In the past couple months I have become a needle minder convert. And, like many new converts, I have become obsessed with my new tools.
What is a needle minder?
It is a magnet that sits on your needlework fabric, which you can use to rest your needle on while stitching. I have also seen them called needle knacks, needle holders, and needle magnets. If the magnet is strong enough, it can even hold a small pair of embroidery scissors or other metal tools and items.
Until a couple months ago, I thought needle minders were a bit…unnecessary, maybe even frivolous. For many, many years I have just stuck my needle through the fabric to hold it in place and keep it out of the way until it was wanted again. And, this method still works perfectly fine, thank you very much.
But, suddenly it seemed like needle minders were everywhere. I saw other stitchers using them as they posted their progress photos on social media. I saw them advertised in the stitching magazines. And Etsy. Don’t even get me started with Etsy.
And, these needle minders were so cute! I had to have one, or two, or three…and a new obsession was born.
The funny thing is I have owned a needle minder for a couple of years, and up until about 2 weeks ago I didn’t know what it was!
This blue bottle cap needle minder was in a goodie bag I received for a workshop I went to that was sponsored by my needlework guild. All of the items in the goodie bag were stitching related, except this, or so I thought. I looked at it and thought, “Why did they give us this weird magnet?” I didn’t get it, but I kept it and just used it as a regular magnet, never noticing that the magnet actually had two parts.
It wasn’t until I started buying and collecting other needle minders that I rediscovered this blue bottle cap and finally realized what it was. So, this was my first official needle minder.
Now I am using my Alice in Wonderland obsession as an excuse to buy needle minders. I have found some great Alice-themed needle minders on Etsy. Here are 3 out of the 4 I currently own:
These needle minders are also quite large. Although it is difficult to get a sense of the scale in the photo, the caterpillar minder is about 1 1/2 inches square, and Alice is about 2 1/2 inches tall.
I thought the size would bother me since I usually stitch with a hoop, not in a scroll frame. But, I have found that I can use a larger needle minder and it does not interfere with my stitching area in the hoop.
Pros and Cons of Using a Needle Minder
First, the pros. Needle minders are convenient. Now, instead of having to stop to stick my needle through the fabric I just let the needle rest on the needle minder while I change threads or cut a new length of thread.
Second, the magnet holds the needle more securely than I expected. I thought for sure that when I folded up my fabric and shoved my project into my project bag that the needle would slip off and I would risk losing it somewhere. But, that has not been the case. When I pull my project back out, the needle is still there, resting on the needle minder, right where I left it. Pretty cool.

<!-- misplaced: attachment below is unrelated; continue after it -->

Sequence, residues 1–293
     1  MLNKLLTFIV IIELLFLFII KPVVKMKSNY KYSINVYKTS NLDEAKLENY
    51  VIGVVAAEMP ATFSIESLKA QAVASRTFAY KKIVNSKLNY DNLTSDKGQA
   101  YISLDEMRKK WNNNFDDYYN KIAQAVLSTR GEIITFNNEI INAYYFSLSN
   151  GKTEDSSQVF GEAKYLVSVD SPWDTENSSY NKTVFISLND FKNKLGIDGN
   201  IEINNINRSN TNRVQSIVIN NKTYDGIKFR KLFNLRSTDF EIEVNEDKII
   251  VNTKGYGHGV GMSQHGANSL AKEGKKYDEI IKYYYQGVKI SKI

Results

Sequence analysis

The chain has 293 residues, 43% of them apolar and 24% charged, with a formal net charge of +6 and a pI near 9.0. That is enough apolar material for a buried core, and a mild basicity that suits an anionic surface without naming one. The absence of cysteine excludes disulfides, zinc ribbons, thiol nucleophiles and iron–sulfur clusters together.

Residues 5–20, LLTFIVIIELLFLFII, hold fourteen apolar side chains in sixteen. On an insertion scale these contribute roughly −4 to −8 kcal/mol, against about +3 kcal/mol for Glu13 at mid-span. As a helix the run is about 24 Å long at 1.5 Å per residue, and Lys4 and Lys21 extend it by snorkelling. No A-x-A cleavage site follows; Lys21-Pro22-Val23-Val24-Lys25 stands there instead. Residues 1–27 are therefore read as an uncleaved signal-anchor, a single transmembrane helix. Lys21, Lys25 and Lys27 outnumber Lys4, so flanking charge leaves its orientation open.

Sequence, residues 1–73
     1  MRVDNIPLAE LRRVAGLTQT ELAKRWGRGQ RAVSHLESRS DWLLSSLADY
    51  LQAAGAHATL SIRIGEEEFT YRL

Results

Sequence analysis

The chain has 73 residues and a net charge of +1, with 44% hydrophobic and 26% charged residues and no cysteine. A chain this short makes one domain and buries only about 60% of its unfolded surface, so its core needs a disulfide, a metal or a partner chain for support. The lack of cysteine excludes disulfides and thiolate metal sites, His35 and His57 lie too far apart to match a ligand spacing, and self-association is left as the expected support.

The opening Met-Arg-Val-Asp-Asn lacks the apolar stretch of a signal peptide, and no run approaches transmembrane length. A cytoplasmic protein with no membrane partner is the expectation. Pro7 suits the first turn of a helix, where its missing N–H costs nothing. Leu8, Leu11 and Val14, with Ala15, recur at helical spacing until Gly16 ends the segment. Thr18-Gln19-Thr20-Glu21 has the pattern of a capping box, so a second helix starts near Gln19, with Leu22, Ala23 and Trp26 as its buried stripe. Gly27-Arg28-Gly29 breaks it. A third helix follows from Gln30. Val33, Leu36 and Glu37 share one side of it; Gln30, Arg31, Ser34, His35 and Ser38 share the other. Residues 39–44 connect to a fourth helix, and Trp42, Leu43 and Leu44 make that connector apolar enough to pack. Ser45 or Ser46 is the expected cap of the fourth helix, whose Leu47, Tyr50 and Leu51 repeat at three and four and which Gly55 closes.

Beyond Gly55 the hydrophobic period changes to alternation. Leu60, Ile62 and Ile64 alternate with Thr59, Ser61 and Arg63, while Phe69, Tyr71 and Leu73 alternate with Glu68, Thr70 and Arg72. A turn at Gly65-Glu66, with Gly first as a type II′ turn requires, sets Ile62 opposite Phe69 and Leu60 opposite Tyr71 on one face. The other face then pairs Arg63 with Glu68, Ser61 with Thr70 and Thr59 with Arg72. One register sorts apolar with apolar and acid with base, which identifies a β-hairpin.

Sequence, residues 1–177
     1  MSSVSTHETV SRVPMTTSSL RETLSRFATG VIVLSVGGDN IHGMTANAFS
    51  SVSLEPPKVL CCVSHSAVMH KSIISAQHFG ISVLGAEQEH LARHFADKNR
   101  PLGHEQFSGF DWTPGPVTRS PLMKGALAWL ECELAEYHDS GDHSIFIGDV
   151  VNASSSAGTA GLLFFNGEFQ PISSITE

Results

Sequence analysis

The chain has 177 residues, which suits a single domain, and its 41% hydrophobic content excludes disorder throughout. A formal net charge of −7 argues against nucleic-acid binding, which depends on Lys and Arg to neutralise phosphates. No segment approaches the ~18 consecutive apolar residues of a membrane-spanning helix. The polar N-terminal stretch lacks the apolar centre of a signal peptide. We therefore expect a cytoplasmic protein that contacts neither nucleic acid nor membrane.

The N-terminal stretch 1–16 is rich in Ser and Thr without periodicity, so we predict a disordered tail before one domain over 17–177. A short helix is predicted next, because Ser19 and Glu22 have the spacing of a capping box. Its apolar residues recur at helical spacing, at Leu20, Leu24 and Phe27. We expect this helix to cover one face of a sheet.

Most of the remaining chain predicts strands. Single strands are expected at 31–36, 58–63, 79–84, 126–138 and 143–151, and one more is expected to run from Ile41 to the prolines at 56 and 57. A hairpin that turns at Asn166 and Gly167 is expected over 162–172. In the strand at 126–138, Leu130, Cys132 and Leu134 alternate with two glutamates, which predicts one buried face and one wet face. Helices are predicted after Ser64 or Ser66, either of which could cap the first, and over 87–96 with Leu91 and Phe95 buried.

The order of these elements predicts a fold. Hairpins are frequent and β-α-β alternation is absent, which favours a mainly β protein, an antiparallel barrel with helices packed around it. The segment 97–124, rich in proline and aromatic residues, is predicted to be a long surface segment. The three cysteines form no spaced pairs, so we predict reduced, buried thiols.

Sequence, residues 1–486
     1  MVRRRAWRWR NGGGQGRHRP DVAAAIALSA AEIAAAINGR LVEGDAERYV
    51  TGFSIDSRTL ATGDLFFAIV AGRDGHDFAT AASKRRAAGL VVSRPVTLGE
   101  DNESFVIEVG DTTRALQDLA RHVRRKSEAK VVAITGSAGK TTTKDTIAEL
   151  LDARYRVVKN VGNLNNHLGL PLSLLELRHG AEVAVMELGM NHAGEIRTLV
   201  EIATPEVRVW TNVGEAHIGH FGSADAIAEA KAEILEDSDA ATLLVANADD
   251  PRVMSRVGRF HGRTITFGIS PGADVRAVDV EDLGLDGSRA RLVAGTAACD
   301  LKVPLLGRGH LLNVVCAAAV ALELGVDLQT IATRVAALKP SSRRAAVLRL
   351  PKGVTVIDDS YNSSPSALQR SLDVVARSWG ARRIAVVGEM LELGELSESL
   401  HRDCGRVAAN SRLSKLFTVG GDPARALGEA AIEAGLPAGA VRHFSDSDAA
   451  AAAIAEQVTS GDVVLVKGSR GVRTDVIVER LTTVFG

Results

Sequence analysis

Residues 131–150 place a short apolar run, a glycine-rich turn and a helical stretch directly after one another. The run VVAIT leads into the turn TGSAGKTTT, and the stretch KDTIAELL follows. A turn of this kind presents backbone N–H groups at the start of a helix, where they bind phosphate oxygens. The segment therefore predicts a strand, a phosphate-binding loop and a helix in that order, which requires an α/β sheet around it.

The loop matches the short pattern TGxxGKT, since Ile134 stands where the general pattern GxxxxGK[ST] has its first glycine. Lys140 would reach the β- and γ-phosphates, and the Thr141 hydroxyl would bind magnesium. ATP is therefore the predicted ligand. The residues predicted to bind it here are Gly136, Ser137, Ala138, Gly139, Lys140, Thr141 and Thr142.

Third, they are fun. I love the infinite variety of designs that are available. Plus, they are easy to make yourself. I have some link to tutorials below.
So, what are the cons?
The main con is the fact that because these are strong magnets, you do have do be careful not to leave them near electronic devices. I love to stitch while listening to podcasts or watching t.v. on my laptop, so I try to stay aware of where I am putting my stitching if I put my hoop down on my desk with the needle minder still on the fabric.
Where to Buy Needle Minders?
There are lots of places now where you can purchase needle minders. First and foremost, most local needlework shops carry a selection of needle minders. Online needlework shops also carry them. 123stitch.com, for example, has a selection of beautiful minders from Kelmscott Designs.
But, the largest selection online is probably on Etsy. There are dozens of shops that sell needle minders, but here are a few to get you started:
- The Dove Tree
- Crafters Waypoint
- Gina’s Unique Boutique
- A Needle Runs Through It
- Winton Junction
Did I miss your favorite Etsy shop for needle minders? Feel free to list it in the comments!
Make Your Own Needle Minders
Finally, you can make your own needle minders from old brooches, pins, buttons, coins and more. It’s pretty simple, and you can get really creative with it. Here are some tutorials that will help:
- Let’s Get . . . Making Your Own Stitcher’s Magnets via Nuts About Needlepoint
- DIY Magnetic Needle Minders via Flamingo Toes
- Needleminder Tutorial via Tinker with This
- From Button to Needle Minder via Needle ‘n Thread
- Magnetic Needle Minder Tutorial via It’s Daffycat
I love this unusual needle minder from Winton Junction of an old English country church. And, the cat needle minder is a Japanese cartoon character named Chi — we named our stray cat Chi after this character, so I had to have this needle minder!
Do you use needle minders? Love them? Hate them? Can’t live without them? Leave a comment!